He was two-timing the tomatoes with <gasp> ROASTED PEPPERS!
Yeah, I know, I KNOW!
Vine-ripened tomatoes, fresh mozzarella and basil compose the quintessential summer salad. But sometimes a girl gets a little tired of tomatoes.
Lest lightning strike me dead in my roll-y desk chair, I will admit that I LOVE TOMATOES. I prefer heirlooms, specifically our signature Polish Plum, fresh and still sun-warmed from the field. I also like a tomato that’s been sitting on my counter for a week, even if I have to cut away a third of it because it rotted. Whatever. It’s August (or September, by the time I get my act together to post this).
One of my market customers told me today that she made a vow to eat enough tomatoes this summer to actually get sick of them. Judging by the 5 pounds of heirlooms she bought, the lunch and dinner tomato salads she eats on a daily basis haven’t diminished her love of this nightshade. I say, ‘eat ’em until you just can’t look at another one’.
I also say that about corn on the cob. I grew up eating seasonally, and if it wasn’t seasonal, chances are my mother canned or froze the stuff she harvested from our garden. That’s just the way it was in the ’70s and, in my middle-aged brain, the way it should be.
Are you still reading? GOOD!
Thank you 😉
This salad was basically my dinner the other night. That’s fine… it was damn delicious! I had some broiled shrimp scampi alongside and it was all I needed on a hot summer’s night.
I started this delightful dish by charring a few peppers. I chose red and yellow/orange because they are RIPE peppers, as opposed to the unripe green ones, and they are sweeter. Use your choice of flame: grill, broiler, oven, etc. I used the burners of my gas stove and did, indeed, set off the smoke alarm. Let that be a lesson to always turn on the exhaust fan over the stove.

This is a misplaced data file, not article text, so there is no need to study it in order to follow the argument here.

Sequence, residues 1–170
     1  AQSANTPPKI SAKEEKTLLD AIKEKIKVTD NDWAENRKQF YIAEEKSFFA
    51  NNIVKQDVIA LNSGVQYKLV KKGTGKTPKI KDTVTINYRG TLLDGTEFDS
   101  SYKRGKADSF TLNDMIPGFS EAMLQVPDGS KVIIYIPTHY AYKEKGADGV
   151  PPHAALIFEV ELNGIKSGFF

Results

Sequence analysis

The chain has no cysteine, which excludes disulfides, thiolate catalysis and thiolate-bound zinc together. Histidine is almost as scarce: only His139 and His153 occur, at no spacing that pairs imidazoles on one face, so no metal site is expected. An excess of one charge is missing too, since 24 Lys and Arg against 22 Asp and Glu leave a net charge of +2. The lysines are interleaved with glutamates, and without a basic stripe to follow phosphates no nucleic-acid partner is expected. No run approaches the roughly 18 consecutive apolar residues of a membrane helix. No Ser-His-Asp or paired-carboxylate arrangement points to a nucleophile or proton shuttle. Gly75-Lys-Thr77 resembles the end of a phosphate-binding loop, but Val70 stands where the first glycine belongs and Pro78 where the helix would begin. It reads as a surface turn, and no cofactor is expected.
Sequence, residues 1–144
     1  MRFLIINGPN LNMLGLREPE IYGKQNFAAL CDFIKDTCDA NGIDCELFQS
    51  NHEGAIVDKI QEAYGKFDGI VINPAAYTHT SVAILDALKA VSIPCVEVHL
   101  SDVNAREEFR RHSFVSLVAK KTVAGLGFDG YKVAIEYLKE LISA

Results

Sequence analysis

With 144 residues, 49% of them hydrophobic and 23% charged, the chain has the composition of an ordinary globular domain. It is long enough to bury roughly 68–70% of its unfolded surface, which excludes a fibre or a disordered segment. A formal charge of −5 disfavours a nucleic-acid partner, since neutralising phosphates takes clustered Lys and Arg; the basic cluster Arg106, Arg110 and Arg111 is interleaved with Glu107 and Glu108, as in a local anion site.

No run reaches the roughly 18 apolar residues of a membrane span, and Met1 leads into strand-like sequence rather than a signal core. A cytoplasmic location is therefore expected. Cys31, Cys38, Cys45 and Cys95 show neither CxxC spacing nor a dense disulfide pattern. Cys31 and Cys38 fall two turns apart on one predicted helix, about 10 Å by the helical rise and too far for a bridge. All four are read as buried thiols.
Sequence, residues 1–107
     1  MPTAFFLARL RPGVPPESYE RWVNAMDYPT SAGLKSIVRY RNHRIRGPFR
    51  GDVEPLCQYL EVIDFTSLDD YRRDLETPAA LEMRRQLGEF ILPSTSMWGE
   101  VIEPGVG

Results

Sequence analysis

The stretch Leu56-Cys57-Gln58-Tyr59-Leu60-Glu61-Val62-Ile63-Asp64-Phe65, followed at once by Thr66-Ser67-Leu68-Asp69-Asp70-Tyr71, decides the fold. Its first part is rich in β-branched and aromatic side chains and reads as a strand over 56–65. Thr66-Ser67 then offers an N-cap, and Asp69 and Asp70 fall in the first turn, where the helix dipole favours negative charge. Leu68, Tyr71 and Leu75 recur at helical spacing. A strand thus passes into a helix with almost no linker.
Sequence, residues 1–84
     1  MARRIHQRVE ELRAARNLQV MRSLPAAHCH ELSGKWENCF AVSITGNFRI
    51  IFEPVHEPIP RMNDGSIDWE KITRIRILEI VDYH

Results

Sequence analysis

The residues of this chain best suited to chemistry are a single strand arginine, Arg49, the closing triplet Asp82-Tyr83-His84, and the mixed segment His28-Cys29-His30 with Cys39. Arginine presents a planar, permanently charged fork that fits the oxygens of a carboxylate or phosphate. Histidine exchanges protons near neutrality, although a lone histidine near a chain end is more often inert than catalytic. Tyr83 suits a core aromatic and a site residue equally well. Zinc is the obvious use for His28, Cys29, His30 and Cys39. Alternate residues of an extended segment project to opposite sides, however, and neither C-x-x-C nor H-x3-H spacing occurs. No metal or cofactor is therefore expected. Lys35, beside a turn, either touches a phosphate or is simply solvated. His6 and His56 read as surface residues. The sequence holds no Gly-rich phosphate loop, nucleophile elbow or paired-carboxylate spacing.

Once the peppers are completely charred, place them all in a bowl covered with plastic wrap or a lidded glass/plastic storage container and set aside for about 15 minutes. The peppers will steam and continue to cook a bit and the skins will be a easier to get off.
After 15 minutes or so, clean the peppers of their charred skin, stem and seeds. Use a paper towel to facilitate, and honestly, you could always run them under water ever so briefly, but be aware that water will wash away some flavor along with the skin and seeds. Small price to pay for getting a speedy dinner on the table in my humble opinion.
Slice the roasted peppers into thin julienne strips and toss in a bowl with some minced garlic, kosher salt, freshly ground pepper, and olive oil. Let sit a while, or up to 4 days, while you slice some fresh mozzarella and arrange it artfully on your serving platter. Pile the pepper salad prettily alongside the mozz, then douse with more extra virgin olive oil and lots of balsamic vinegar. Sprinkle on a fine chiffonade of fresh basil and season with additional salt and pepper.
Serve this salad to all the people you love, then sit back and enjoy the compliments!